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AMI’s 2017 Physicians’ CME Conference for Relieving Physician Burnout

Longevity By Nature

A distinguished faculty of The American Meditation Institution (AMI) will present a 30 credit CME training in Yoga Science as holistic mind/body medicine to relieve and prevent physician burnout at AMI’s 9th Annual CME Conference on October 24-28, 2017. Entitled The Heart and Science of Yoga this comprehensive physician training at the Cranwell Resort and Spa in Lenox, MA, is accredited through the Albany Medical College Office of Continuing Medical Education.

This year’s AMI “Heart and Science of Yoga” CME conference is uniquely designed to offer a refreshingly new, clearer and kinder perspective on every personal and professional responsibility facing physicians and other health care providers. Through engaging lectures by an accomplished faculty, instructive practicums and ongoing Q&A, the curriculum will provide easy-to-use, practical tools to prevent and reverse the debilitating causes and effects of physician burnout. Lecture topics will include AMI Meditation, diaphragmatic breathing, easy-gentle yoga, yoga psychology, the most recent findings on neuroplasticity, PTSD, trauma, resilience, chakra system therapy, mind function optimization, epigenomics, ayurveda, nutrition, functional medicine, and lymph system detoxification.

Each faculty member at this 2017 CME conference is committed to the advancement and training of Yoga Science as holistic mind/body medicine. Presenters will include program director Leonard Perlmutter, AMI founder, meditational therapist and award-winning author; Mark Pettus MD, director of medical education and population health at Berkshire Health Systems; Anthony Santilli MD, board-certified in pulmonary and critical care medicine; Prashant Kaushik MD, board-certified rheumatologist; Sara Lazar PhD, instructor in the Department of Psychiatry at Harvard Medical School, and an associate researcher in the Psychiatry Department at Massachusetts General Hospital; Susan Lord MD, a private practice holistic physician focusing on prevention and treatment, and former course director for The Center for Mind-Body Medicine’s “Food As Medicine” program in Washington, D.C.; Jesse Ritvo MD, assistant medical director, inpatient psychiatry, University of Vermont Health Center; Beth Netter MD MT, holistic physician and acupuncturist, Albany, NY; Jyothi Bhatt BAMS,  ayurvedic practitioner and faculty member of Kripalu School of Ayurveda and physician’s assistant at New York Presbyterian/Weill Cornell Medical Center; Gustavo Grodnitzky PhD, noted author, consultant and psychologist and Chair of The American Meditation Institute’s Psychological Education Department; and Jenness Cortez Perlmutter, faculty member of The American Meditation Institute.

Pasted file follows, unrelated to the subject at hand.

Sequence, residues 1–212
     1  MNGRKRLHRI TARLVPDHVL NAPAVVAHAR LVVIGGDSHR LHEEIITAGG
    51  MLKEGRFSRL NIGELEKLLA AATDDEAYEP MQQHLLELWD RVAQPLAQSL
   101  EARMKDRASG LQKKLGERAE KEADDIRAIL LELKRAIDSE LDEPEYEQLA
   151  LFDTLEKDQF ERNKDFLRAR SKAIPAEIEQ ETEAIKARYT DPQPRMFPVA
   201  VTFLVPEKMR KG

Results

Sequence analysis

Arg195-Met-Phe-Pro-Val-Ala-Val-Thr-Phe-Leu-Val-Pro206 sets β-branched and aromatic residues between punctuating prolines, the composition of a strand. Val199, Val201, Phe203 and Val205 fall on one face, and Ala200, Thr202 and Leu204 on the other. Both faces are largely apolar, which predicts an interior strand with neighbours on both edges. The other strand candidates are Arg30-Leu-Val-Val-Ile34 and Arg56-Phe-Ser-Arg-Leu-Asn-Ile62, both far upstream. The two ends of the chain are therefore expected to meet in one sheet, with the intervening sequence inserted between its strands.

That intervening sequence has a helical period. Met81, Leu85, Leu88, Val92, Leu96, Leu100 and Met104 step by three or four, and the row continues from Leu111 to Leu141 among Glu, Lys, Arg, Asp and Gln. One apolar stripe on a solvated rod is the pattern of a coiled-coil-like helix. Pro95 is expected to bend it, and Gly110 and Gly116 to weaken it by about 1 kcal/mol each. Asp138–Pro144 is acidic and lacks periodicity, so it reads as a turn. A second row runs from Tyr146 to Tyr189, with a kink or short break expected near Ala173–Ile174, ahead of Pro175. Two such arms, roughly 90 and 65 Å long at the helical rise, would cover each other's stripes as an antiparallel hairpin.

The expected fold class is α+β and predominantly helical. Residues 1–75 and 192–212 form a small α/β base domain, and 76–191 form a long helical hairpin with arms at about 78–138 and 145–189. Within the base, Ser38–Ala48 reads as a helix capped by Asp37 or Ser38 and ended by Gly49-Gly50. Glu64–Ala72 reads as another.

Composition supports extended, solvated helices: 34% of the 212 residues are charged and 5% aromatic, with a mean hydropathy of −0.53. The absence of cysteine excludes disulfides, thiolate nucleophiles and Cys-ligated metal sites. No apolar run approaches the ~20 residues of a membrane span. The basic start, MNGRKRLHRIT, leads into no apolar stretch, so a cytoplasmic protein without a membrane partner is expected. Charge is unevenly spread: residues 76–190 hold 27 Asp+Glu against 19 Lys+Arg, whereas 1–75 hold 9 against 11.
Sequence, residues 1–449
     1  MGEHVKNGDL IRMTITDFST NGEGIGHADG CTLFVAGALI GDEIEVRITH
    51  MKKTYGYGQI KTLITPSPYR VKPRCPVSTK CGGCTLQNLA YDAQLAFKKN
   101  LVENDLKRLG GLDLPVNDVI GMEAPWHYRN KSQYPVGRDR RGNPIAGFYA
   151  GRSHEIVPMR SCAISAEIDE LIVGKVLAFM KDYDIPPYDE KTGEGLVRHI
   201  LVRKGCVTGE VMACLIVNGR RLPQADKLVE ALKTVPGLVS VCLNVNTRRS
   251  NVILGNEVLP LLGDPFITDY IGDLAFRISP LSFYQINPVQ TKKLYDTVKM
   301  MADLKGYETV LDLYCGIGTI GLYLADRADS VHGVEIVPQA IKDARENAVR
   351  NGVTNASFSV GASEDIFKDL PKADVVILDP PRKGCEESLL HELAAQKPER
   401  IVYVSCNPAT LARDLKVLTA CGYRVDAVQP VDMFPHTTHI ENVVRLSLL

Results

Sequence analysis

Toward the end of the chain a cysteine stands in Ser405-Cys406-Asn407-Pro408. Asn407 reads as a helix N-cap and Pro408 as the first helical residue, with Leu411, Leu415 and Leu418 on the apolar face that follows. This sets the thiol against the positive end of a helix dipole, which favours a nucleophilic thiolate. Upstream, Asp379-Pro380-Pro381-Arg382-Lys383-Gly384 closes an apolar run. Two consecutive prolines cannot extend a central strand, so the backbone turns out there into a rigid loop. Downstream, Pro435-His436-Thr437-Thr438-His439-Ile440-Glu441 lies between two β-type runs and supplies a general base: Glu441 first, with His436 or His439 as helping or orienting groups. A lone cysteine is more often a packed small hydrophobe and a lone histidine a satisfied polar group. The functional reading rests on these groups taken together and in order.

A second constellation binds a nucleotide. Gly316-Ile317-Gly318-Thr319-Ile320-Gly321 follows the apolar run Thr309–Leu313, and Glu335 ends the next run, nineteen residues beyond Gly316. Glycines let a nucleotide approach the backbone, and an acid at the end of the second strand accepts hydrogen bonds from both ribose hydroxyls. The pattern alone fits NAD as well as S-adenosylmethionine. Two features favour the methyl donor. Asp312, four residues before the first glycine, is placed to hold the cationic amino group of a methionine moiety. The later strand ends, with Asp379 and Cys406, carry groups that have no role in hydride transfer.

Researchers Tait D. Shanafelt, MD; Lotte N. Dyrbye, MD, MHPE; Colin P West, MD, PhD from the Mayo Clinic recently conducted a study on the “Potential Impact of Burnout on the US Physician Workforce.” Findings were published in the Mayo Clinic Proceedings, Vol. 91, Issue 11, Pages 1667-1668.  In summary, the study found that “the increase in burnout observed in U. S. physicians between 2011 and 2014 likely translated into approximately a 1 percent reduction in the professional effort of the U.S. physician workforce. This loss is roughly equivalent to eliminating the graduating class of seven U.S. medical schools. To preserve adequate access to health care, there is a societal imperative to provide physicians a better option than burning out, working part-time or leaving the profession.”

Acknowledging the current challenge, conference director, Leonard Perlmutter states, “The American Meditation Institute acknowledges the troubling reality of physician burnout and is committed to empowering our nation’s caregivers with the practical and reliable tools they need to prevent and relieve their stress on a daily basis. This year’s conference is dedicated to teaching techniques that help reduce physician burnout through quality, comprehensive and evidence-based education.”